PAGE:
Figure 7 MCF-7 cellular uptake assessment; images of confocal laser scanning microscopy after 24 and 48 hrs treatment of (A and D) DOX with three different concentrations (I: 1.2 µg/mL, II: 0.6 µg/mL, III:0.3 µg/mL), (B and E) PVCL-DOX and (C and F) PVCL-Rhod with three different concentrations (I: 60 µg/mL, II: 30 µg/mL, III: 15 µg/mL).Abbreviations: DOX, doxorubicin; PVCL, poly(N-vinylcaprolactam).

In further analysis, the presence of DOX, PVCL-DOX, and PVCL-Rhod in the MCF-7 cells was checked quantitatively by flow cytometry. MCF-7 cells were treated with DOX, PVCL-DOX, and PVCL-Rhod, and after 4, 24, and 48 hrs, the cells were analyzed. The obtained flow cytometry histograms are shown in Figure 7. The mean fluorescent intensity (MFI) of the MCF-7 cells in each experiment is shown in the histograms. The MFI results reveal the easy and high penetrations of DOX molecules into the cells (Figure 8A). A high fluorescence intensity is observed in the cells treated with DOX after 24 hrs incubation. However, the fluorescence intensity decreases after 48 hrs incubation due to the cellular death. Fluorescence intensity of the cells treated with a low concentration of PVCL-DOX (15 µg/mL) is not high after 4 hrs incubation, indicating the lower cellular penetration of these particles (Figure 8B).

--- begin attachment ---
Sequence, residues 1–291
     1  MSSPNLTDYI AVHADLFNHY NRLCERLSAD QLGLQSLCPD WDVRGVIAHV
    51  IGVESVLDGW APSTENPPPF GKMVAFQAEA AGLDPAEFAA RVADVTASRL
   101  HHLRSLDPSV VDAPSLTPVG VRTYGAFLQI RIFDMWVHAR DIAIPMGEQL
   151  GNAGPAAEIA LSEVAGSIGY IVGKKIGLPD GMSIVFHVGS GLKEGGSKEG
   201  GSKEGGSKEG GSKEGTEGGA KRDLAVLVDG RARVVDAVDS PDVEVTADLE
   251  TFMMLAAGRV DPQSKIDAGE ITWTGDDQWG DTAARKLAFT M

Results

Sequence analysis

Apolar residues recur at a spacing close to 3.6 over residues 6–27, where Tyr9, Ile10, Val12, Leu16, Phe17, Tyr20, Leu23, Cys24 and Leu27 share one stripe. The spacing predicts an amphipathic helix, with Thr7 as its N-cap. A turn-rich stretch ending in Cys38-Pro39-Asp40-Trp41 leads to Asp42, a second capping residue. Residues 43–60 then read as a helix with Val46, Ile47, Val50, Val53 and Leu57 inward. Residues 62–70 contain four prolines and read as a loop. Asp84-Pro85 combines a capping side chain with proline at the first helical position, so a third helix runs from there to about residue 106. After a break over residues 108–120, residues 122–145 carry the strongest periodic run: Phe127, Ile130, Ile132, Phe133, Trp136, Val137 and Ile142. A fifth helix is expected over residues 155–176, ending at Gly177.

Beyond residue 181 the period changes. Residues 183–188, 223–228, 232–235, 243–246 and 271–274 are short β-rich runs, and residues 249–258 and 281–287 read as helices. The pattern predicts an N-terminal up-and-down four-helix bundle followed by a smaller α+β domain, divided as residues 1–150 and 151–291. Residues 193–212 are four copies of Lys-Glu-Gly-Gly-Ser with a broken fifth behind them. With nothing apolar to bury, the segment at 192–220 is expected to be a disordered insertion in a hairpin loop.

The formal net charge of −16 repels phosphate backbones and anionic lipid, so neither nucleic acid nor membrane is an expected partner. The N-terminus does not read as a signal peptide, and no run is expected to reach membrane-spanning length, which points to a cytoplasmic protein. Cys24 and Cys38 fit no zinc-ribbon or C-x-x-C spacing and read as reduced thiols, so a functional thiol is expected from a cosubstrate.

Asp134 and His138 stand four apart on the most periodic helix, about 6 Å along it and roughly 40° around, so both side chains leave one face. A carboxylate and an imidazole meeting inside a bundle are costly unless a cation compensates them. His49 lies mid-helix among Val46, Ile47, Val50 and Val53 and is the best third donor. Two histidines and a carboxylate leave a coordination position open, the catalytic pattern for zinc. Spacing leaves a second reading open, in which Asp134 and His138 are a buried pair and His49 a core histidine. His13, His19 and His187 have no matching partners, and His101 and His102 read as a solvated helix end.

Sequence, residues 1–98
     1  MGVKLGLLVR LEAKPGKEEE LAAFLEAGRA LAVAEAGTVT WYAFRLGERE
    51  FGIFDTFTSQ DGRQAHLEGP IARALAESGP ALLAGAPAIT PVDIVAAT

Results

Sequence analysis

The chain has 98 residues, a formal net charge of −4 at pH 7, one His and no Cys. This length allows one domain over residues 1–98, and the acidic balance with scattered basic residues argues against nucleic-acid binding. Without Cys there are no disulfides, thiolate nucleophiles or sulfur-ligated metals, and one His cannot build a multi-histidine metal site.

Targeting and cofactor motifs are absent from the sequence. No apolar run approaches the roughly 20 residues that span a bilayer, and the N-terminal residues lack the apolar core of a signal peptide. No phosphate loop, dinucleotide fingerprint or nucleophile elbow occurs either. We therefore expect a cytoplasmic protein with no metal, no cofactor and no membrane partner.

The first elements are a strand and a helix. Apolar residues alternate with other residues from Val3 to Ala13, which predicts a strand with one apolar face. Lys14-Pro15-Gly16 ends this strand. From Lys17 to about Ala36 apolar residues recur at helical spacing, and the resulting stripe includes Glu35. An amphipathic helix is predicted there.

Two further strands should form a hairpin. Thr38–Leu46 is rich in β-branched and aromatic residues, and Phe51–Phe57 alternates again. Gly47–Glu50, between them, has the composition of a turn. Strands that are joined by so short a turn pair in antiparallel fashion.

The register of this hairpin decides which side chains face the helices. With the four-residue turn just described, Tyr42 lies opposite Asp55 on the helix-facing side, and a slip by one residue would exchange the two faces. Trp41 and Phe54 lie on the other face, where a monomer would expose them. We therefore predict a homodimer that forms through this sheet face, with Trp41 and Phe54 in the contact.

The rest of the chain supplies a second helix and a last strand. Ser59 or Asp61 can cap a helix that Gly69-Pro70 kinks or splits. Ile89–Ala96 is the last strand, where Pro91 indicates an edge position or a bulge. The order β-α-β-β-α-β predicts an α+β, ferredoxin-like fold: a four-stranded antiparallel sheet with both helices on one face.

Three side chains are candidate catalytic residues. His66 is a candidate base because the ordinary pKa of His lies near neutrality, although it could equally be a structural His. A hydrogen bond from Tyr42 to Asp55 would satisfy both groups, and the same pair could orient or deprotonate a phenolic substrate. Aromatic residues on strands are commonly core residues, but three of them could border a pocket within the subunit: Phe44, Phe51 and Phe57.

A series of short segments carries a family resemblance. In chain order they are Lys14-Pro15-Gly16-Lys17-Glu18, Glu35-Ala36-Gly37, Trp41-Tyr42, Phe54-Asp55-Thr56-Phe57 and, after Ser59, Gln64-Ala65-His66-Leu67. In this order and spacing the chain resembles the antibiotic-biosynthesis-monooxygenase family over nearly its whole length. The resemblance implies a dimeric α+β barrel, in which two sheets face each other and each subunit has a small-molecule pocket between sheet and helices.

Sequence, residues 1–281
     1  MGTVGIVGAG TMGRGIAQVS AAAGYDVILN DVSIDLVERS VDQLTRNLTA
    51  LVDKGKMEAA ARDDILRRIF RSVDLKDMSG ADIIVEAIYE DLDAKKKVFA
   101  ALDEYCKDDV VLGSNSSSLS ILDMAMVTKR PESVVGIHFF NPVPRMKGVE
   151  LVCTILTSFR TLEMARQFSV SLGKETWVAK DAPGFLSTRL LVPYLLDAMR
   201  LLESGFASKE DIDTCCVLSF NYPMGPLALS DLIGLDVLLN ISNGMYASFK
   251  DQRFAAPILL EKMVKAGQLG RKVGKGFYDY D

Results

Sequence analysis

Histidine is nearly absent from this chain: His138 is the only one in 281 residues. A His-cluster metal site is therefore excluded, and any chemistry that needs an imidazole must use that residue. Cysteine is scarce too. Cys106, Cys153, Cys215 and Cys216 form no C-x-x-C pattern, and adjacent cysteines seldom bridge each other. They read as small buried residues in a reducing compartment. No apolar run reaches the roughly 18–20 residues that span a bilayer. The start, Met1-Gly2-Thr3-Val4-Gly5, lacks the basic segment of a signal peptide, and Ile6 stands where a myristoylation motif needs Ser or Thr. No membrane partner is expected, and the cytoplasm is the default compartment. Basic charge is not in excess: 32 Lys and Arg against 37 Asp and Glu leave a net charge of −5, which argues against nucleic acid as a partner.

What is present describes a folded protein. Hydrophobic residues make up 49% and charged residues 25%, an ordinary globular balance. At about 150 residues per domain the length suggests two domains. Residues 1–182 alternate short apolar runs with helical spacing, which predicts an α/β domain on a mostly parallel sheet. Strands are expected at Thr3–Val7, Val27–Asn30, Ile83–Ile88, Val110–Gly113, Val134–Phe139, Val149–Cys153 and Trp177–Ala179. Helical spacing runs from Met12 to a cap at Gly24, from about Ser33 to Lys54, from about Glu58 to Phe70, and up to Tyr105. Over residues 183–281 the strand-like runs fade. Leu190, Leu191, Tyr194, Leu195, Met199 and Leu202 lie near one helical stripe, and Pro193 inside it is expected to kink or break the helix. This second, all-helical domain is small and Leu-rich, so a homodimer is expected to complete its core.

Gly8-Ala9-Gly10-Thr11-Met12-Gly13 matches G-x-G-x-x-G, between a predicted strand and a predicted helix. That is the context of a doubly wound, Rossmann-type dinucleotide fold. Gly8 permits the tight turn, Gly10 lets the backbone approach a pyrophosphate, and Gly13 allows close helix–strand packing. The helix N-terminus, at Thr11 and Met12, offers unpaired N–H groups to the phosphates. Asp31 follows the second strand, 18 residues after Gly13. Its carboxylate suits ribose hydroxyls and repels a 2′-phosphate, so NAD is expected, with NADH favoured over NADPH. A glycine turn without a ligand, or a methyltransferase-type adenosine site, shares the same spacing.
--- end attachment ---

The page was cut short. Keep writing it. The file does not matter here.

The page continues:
However, promising results are observed after 24 and 48 hrs of incubation, where the PVCL-DOX nanoparticles are able to induce more cellular death (lower MFIs). PVCL-Rhod particles are able to penetrate into the cells roughly after 4 hrs. A concentration-dependent increase in MFI of the PVCL-Rhod treated cells is observed after 24 hrs incubation. However, after 48 hrs incubation, there is a decrease in the MFI, which could be a result of cellular death (Figure 8C).